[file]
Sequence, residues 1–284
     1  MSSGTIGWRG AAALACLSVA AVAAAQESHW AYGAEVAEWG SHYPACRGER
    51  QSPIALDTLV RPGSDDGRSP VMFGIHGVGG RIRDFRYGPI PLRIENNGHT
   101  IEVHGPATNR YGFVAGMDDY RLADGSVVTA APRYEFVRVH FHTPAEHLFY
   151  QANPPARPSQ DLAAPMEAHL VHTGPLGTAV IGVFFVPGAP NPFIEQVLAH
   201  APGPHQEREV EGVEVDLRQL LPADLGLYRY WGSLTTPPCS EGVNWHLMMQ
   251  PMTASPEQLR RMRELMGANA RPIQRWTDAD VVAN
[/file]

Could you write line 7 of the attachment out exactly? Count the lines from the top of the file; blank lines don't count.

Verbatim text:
   251  PMTASPEQLR RMRELMGANA RPIQRWTDAD VVAN